INSTITUTO DE BIOTECNOLOGIA Y BIOLOGIA MOLECULAR
Unidad Ejecutora - UE
congresos y reuniones científicas
Functional integration of the Bradyrhizobium diazoefficiens flagellar systems
JIMÉNEZ SÁNCHEZ, C; ITURRALDE, ET; LODEIRO, AR; QUELAS, JI; MONGIARDINI, EJ; ORTEGA CALVO, JJ; ALTHABEGOITI, MJ; MELGAREJO, A; PÉREZ GIMÉNEZ, J
Congreso; 12th European Nitrogen Fixation Conference; 2016
Institute of Biochemistry, BRC, Szeged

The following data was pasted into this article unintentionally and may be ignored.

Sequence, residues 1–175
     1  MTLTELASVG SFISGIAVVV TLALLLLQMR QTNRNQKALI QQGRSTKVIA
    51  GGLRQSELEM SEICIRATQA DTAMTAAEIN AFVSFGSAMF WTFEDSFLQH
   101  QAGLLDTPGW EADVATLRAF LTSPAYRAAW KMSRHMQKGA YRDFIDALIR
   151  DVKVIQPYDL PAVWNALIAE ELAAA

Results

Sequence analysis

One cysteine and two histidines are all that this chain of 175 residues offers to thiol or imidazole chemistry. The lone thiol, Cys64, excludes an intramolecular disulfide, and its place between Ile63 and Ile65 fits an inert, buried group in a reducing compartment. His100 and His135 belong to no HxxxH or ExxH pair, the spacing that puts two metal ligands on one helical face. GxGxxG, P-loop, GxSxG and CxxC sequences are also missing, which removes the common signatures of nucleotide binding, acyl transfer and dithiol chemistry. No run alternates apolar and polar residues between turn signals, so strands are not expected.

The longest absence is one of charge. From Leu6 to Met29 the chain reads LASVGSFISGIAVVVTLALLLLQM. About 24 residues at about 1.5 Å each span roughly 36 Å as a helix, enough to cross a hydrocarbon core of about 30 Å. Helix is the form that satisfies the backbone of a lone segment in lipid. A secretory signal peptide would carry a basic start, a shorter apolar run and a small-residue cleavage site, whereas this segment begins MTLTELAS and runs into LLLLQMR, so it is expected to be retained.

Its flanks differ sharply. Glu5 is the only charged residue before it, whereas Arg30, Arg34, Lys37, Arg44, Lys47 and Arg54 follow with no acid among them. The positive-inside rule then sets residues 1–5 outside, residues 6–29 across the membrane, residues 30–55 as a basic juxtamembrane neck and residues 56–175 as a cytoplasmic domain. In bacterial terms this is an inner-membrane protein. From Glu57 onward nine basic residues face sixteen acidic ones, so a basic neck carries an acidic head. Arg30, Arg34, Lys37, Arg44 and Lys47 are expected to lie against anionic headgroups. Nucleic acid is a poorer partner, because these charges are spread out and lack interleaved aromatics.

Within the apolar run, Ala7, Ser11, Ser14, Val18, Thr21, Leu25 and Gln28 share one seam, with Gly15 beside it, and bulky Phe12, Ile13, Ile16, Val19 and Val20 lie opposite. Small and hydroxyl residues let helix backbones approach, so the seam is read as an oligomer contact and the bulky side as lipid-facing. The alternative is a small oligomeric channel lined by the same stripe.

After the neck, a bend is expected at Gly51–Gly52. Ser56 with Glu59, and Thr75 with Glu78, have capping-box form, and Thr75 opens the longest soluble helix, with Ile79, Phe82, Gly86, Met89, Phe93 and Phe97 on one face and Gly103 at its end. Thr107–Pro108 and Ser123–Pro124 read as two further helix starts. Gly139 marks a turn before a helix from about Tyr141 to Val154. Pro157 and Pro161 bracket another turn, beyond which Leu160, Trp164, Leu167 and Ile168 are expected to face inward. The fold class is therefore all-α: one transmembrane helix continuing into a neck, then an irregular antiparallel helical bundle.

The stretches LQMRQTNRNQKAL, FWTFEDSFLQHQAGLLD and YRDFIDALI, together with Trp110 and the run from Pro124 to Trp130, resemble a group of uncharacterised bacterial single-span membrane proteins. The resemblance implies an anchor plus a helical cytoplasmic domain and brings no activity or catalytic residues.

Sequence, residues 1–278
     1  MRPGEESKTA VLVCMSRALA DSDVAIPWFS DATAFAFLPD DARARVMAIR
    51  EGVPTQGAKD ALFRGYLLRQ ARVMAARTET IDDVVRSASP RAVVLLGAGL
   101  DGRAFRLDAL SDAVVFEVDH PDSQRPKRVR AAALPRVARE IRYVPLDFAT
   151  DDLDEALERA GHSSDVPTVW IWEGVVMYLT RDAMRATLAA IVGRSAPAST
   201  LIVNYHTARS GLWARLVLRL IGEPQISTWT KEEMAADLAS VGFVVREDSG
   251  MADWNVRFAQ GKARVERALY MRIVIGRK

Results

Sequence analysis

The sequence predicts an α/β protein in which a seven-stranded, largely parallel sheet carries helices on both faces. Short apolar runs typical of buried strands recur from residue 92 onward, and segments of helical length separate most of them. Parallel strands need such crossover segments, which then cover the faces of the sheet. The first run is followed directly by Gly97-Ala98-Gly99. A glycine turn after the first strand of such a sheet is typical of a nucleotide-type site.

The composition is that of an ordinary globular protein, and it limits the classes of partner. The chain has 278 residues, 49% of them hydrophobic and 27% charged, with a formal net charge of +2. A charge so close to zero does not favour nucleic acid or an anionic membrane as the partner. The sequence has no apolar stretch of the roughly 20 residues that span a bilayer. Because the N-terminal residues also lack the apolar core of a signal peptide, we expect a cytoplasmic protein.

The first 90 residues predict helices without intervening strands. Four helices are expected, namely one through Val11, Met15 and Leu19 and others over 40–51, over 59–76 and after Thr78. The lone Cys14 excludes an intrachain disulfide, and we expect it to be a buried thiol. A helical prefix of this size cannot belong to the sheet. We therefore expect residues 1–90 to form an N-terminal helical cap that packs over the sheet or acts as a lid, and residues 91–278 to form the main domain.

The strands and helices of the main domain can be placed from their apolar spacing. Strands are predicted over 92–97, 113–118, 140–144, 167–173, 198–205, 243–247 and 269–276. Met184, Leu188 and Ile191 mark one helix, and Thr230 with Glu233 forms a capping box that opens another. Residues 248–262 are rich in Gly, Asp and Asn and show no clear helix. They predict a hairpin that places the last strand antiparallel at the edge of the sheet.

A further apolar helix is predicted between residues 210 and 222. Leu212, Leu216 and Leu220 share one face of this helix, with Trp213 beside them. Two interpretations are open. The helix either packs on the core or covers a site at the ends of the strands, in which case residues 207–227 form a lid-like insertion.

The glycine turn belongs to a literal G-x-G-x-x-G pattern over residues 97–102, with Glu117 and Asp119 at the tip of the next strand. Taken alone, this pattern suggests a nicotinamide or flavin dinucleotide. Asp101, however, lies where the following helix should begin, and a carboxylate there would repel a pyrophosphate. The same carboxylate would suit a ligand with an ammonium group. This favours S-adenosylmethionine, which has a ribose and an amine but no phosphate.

Biological performance is often characterized by expressing emergent properties that cannot be deduced from the functions of individual parts of the system. Flagella-driven swimming motility is among the most important performance of bacterial cells, in terms of its energy demands and its relevance for colonization of diverse environments. An interesting genus in regard of this performance is Bradyrhizobium, which includes the N2-fixing symbionts of soybean. While B. diazoefficiens and B. japonicum possess dual flagellar systems composed by a subpolar flagellar system and an evolutionary unrelated lateral flagellar system, B. elkanii possesses only the subpolar system, and B. liaoningense lacks functional flagella. However, all these species share the same soil environment and nodulate soybean, which raises some questions about the adaptive value of possessing energy-expensive dual flagellar systems. We approached these questions in B. diazoefficiens, which expresses its subpolar system constitutively, while the expression of the lateral system in liquid medium is conditioned by the carbon source. Thus, we wondered whether their functions might be integrated for the single task of swimming in the water channels of the soil. By comparing the swimming behavior of the wild-type and mutants expressing either the subpolar or the lateral system, we observed that the wild-type swimming behavior does not arise only from additive effects of each flagellar system. Moreover, the subpolar system is the main contributor to propulsion and chemotaxis, while the lateral system contributes to hold swimming near surfaces, in porous media, and in viscous environments. By artificial evolution we obtained B. diazoefficiens and B. japonicum derivatives with higher motility in porous medium, which in field assays were more competitive for soybean nodulation and produced higher grain yield. Therefore, we carried out a deeper study on the B. diazoefficiens derivative. We observed that its subpolar flagellum contributed to higher swimming speed, the lateral flagella were derepressed, and the interaction between both systems was similar to the wild-type. In addition, this derivative had higher swarming motility. All its phenotypes were maintained after passage through nodules and after more than 10 years of use in the laboratory, indicating that they are heritable. Hence, we decided to compare the complete genome sequence of this derivative against the wild-type, and found that none of the known flagellar genes was modified. By contrast, we found only 10 changes, 9 of which were SNP and 1 was a small deletion. The changes occurred in ORFs encoding unknown proteins (3), transcription-related proteins (3), metabolic proteins (2), efflux transport proteins (1), and in an intergenic region (1). We are currently obtaining site-directed mutants in these loci to assess their effects on bacterial motility and lateral flagella regulation.